Borrowing, building on Southeast Asian tradition

Gamelan Pacifica: Trance Gong


Before I try to explain exactly what a gamelan is, let me share a quote with you that beautifully captures the spirit of gamelan music. I shamelessly cadged it from the Internet somewhere; it is attributed to Jaap Kunst, who wrote on the music of Java in the 1930s and ’40s: “Gamelan is comparable to only two things, moonlight and flowing water. …mysterious like moonlight and always changing like flowing water…”

Cool, but what is it? A gamelan is a traditional Indonesian instrumental ensemble typically featuring a variety of percussion instruments such as metallophones, xylophones, drums, and gongs. Bamboo flutes, bowed and plucked strings and vocalists may also be included. Although a gamelan is a set of instruments requiring as many as 17 or 18 musicians to play everything, it is seen as a single entity, built and tuned to stay together.

Gamelan are found in the Indonesian islands of Java, Madura, Bali, and Lombok, and gamelanlike instruments are ubiquitous throughout much of Southeast Asia.

They’ve also found a home within the academic hippie Birkensock crowd [people who wear socks with their Birkenstocks, a wonderfully snarky term I picked up from daughter Laurel]. While my tastes in music don’t generally track with this group [don’t get me started on what passes for music on NPR’s Prairie Home Companion], I must admit I’ve embraced gamelan music. Gamelan orchestras and societies have sprung up throughout the western world.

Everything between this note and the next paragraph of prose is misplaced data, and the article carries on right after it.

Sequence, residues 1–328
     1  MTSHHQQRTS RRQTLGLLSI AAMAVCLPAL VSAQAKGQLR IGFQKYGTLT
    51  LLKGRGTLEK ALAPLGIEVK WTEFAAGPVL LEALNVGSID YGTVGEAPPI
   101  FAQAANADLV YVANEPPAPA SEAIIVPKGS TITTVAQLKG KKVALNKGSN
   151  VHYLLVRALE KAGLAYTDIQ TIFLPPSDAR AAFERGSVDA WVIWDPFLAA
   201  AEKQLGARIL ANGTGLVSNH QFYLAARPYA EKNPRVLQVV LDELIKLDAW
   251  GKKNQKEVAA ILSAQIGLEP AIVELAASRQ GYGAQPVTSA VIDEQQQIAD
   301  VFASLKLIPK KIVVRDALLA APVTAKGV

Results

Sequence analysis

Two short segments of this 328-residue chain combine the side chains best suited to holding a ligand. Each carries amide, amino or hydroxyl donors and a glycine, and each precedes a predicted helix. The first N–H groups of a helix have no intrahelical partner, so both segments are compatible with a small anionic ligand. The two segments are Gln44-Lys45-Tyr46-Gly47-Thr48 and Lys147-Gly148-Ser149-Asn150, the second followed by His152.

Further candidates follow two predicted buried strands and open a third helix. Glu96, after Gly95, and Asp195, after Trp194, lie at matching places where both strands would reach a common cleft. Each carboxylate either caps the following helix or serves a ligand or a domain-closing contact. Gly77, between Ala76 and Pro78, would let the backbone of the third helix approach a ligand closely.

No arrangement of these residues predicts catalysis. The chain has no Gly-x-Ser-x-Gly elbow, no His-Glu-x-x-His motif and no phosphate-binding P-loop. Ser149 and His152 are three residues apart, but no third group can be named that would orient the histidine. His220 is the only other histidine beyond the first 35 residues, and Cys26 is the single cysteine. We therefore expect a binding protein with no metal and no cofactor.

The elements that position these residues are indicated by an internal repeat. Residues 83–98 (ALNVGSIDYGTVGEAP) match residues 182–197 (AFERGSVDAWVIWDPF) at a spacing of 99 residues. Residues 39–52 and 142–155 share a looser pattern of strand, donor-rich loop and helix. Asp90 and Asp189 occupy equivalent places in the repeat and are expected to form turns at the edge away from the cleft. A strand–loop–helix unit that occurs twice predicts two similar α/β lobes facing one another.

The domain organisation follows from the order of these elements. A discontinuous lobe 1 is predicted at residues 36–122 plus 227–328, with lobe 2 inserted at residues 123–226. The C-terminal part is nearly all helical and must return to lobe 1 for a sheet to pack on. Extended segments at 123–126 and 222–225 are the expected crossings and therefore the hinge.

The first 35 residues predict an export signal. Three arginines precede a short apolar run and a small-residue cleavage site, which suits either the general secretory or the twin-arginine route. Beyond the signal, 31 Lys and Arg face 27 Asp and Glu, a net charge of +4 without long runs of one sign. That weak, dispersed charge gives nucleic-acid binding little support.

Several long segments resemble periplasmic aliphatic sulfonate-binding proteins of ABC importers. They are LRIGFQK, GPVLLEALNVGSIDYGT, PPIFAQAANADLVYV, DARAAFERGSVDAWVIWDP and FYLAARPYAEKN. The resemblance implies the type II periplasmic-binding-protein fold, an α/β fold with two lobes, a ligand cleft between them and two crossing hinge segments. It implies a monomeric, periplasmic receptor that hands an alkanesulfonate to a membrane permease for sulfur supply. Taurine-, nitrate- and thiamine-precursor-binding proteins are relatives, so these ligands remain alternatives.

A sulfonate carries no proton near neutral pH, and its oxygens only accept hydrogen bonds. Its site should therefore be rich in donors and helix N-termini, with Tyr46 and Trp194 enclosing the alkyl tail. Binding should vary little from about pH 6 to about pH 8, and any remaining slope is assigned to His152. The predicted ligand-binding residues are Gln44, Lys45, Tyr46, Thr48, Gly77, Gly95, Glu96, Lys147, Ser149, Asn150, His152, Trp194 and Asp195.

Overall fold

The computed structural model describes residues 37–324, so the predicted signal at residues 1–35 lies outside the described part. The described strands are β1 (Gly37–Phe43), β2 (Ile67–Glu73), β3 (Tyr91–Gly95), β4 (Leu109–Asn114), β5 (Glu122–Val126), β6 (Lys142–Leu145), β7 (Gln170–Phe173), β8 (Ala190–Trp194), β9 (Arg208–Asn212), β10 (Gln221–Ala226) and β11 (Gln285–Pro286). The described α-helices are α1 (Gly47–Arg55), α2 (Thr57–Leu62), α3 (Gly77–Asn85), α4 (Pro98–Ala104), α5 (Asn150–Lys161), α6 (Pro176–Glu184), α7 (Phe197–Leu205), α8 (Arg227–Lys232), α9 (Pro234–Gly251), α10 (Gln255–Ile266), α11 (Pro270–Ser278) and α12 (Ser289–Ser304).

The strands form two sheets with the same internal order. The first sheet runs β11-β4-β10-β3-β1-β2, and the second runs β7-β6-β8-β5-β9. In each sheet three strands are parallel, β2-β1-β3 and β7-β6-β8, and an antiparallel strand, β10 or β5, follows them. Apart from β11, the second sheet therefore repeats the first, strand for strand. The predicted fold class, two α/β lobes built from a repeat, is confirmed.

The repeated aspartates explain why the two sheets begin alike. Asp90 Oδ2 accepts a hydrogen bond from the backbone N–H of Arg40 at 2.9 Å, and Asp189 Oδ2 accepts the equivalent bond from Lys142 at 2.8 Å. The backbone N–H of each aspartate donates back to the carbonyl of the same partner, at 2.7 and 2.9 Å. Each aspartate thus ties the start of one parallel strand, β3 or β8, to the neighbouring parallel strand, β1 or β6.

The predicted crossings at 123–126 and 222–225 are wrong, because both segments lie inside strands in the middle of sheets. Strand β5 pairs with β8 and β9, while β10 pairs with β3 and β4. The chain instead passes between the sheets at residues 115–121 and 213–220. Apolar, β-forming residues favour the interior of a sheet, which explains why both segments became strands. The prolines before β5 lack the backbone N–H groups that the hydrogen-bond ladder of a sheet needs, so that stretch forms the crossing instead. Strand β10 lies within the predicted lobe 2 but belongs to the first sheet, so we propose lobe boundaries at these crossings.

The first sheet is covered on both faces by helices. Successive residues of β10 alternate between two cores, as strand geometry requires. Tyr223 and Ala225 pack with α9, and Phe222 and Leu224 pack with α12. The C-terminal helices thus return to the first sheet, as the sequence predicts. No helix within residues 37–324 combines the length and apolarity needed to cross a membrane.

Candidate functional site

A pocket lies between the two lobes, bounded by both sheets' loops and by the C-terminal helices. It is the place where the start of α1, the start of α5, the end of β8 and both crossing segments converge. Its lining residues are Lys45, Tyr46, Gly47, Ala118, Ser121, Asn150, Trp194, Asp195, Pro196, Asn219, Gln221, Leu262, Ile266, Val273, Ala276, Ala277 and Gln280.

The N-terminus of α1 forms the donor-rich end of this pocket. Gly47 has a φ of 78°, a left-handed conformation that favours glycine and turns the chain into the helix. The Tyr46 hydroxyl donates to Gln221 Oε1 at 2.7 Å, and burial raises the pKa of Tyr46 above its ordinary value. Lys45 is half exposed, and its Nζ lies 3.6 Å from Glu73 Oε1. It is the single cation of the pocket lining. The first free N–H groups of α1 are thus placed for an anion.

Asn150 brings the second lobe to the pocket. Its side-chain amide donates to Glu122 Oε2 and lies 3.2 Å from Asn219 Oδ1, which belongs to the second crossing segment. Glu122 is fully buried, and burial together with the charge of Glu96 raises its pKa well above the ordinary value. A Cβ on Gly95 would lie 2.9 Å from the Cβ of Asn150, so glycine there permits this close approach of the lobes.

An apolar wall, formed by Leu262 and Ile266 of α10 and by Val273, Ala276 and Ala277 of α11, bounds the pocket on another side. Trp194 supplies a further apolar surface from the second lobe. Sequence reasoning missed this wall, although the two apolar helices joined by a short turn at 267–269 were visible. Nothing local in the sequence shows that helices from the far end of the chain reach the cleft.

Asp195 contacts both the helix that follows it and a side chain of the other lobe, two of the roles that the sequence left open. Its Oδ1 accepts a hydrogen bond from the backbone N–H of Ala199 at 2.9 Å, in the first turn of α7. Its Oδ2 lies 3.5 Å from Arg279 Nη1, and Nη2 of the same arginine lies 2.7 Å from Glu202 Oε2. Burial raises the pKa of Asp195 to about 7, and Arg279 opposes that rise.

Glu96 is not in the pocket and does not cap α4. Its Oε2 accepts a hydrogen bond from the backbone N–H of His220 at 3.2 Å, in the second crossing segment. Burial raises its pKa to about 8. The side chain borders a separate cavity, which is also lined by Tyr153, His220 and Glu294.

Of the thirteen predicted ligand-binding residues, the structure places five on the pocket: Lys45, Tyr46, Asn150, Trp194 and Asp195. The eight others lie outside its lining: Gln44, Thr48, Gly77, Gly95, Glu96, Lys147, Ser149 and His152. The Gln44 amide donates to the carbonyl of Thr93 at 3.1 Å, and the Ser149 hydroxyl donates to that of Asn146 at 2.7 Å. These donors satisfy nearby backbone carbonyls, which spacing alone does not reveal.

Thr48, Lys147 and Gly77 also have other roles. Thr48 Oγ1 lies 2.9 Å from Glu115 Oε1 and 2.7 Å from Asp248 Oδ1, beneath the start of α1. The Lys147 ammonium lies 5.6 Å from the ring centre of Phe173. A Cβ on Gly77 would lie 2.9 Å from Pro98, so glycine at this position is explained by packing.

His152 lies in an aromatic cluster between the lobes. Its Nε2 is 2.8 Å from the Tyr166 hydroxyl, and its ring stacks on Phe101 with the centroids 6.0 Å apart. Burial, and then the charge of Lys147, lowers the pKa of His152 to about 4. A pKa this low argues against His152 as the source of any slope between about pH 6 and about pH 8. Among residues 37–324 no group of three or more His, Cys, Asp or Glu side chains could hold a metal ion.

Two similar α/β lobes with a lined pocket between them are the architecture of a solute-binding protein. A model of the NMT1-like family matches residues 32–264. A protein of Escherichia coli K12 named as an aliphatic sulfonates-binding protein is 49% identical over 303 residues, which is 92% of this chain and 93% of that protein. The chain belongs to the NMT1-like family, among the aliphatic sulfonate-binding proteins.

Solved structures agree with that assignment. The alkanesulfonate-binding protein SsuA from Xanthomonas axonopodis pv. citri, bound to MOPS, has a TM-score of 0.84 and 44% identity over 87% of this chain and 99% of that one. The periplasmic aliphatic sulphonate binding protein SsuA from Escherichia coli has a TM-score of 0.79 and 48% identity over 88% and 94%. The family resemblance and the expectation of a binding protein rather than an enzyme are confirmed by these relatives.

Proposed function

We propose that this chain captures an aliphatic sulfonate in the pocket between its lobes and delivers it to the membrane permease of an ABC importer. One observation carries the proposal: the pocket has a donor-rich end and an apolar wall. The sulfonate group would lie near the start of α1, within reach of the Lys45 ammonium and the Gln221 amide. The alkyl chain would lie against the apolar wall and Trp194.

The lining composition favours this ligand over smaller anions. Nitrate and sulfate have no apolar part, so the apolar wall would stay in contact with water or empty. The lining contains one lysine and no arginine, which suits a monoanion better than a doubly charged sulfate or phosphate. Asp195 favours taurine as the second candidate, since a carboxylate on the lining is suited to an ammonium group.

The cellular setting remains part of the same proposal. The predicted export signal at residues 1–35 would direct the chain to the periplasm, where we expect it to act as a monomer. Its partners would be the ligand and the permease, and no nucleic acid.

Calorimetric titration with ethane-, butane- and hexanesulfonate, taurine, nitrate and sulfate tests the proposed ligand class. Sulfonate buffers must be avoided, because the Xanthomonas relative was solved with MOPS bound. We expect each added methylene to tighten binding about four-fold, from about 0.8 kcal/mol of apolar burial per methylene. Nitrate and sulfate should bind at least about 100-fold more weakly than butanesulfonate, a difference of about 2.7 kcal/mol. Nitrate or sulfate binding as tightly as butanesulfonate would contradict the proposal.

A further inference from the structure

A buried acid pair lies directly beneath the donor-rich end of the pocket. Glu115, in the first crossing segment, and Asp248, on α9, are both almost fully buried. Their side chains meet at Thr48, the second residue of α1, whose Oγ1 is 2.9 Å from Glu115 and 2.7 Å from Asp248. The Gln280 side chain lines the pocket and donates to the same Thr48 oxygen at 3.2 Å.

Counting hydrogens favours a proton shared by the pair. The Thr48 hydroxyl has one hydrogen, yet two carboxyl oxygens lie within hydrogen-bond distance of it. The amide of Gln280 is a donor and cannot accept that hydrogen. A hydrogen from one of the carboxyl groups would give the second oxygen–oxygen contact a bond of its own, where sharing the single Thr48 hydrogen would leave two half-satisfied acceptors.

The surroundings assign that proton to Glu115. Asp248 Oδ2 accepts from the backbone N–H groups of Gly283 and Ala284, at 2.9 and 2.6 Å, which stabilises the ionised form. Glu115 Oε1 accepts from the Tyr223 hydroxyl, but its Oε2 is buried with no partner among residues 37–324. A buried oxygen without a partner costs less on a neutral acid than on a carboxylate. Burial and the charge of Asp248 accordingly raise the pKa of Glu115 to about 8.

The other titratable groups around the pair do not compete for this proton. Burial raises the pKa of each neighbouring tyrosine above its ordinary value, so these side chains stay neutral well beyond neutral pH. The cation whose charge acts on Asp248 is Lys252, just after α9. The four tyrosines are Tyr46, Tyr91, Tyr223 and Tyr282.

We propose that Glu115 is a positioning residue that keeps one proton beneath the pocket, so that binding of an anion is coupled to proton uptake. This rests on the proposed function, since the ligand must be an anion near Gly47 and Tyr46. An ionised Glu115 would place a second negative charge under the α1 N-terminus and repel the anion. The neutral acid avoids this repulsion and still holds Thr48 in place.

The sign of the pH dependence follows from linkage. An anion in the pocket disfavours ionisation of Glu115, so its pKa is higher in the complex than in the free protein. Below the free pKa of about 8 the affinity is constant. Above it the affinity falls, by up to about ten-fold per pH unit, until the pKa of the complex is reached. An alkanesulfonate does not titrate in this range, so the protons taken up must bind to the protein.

Gamelan Pacifica is one such group, but with a twist. Based at Cornish College of the Arts in Seattle, they use the gamelan to perform new music, much of it composed by group founder Jarrad Powell. One of the six tracks on this disk is even a composition by John Cage, arranged with his permission for the gamelan by Powell. Still, the music retains the essential spirit of the traditional music of Java and Bali. Partly because the group nods heavily towards these traditions in its work and partly, I have to imagine, because that’s where the gamelan wants the music to go. And where it goes is a magical place. A place of moonlight and flowing water.

2 Responses to “Borrowing, building on Southeast Asian tradition”

  1. The taste of summer memories « Blue Kitchen Says:

    […] around the clock to serve you better. What’s on the kitchen boombox? and WTF? Random food for thought. have graduated from being sidebar pages to being full-fledged […]

  2. Mimi Says:

    I remember a gamelan concert my first summer in Madison – it just charmed me. I know what you mean about NPR, too. Ear torture sometimes.

    I am going to enjoy your newest ventures, TerryB.

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